Prior to 1600, the ancient Germanic tribal custom prevailed. A man was "responsible" for his children until they became a contributing member of the tribe or village (generally age 16). Privacy in small villages was rare, and all your sins were common knowledge. Unwed pregnancies were considered a fact of life and little stigma was attached to the mother or the child. A man was expected to "step up" and provide for the child, but some men abandoned the mothers or shirked their duty. If a man abandoned his child(ren), then the local parish and the girl's family did their best to provide for the child(ren). Sometimes a woman would make an arrangement with the man and keep the details private to protect both of their public character, but records of such arrangements are rare.
In 1575 England started to formalize the process of providing for bastard and orpahaned children. "Justices of the Peace" in each county were given powers to order the mothers or putative father of illegitimate children to pay for their maintenance, either directly to the mother or through the parish officials. One reason for baptism records was to record the parents' names, although many bastards have only the mother's name listed. A mother could bring charges in Petty Session courts to require the father to pay towards the child's upkeep, but many of these matters were settled directly between the parties.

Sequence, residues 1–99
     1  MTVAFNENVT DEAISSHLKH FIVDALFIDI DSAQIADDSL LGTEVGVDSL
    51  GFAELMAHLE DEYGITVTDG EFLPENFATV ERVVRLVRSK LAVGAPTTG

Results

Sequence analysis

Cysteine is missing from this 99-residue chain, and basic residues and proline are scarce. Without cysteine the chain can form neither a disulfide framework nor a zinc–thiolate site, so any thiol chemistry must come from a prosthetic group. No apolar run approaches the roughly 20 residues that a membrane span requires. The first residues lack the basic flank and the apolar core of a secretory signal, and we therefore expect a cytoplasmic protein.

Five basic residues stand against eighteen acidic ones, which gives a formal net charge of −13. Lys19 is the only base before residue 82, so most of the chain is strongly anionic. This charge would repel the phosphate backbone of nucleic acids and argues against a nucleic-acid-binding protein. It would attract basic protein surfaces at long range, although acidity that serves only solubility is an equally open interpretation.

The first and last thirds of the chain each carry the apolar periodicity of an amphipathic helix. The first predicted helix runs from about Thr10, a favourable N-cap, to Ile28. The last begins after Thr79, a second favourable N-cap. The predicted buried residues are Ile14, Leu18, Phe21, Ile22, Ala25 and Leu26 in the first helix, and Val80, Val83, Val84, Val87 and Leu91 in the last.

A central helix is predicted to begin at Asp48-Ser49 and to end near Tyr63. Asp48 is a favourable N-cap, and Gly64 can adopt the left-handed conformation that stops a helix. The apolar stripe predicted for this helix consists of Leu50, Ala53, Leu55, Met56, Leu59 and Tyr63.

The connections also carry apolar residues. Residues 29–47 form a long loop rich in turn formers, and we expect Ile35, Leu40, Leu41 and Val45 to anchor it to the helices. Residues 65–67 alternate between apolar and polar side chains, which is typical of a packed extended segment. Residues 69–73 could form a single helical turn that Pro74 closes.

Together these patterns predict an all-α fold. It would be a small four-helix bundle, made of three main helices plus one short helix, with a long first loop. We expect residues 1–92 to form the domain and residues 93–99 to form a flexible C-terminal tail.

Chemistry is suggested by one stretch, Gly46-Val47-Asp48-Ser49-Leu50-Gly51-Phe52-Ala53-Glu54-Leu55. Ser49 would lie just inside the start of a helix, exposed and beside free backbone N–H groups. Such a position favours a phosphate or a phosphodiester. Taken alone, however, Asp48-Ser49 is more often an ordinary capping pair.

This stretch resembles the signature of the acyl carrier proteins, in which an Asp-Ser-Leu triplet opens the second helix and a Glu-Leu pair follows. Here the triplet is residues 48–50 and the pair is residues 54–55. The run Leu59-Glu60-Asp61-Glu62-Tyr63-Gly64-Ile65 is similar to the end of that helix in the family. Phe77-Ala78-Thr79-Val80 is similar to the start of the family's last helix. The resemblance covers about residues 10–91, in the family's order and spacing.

In 1834, the Poor Law Amendment Act provided that a member of the Board of Guardians could initiate a bastardy hearing at Petty Session courts. These hearings were to determine the rightful father and to impose a weekly charge on him for the infant's support until the child was employable.
In 1844, the Bastardy provisions are altered so that the mother of a bastard child could initiate a bastardy hearing at Petty Session courts. They were also supposed to supply corroborative evidence.
Many of these Petty Session events were reported in the local newspapers. After 1844, the number of cases reported declines. Presumably the women were able to make direct, private negotiations with the father for support. And, an increasing number of cases were turned away by the courts.
One should be aware that in some cases newspaper reports were quite short. "... and three bastardy cases were heard" is not uncommon, while other reports give names and amounts.
Note: An Order of Affiliation is just another term for a Bastardy Order.
Thank you, Anne Cole, for the above.
Joan D. MEASHAM, "Index of bastardy cases in Derbyshire Quarter Sessions order books, Easter 1682 - Easter 1784," 1994, typescript, 25 pages.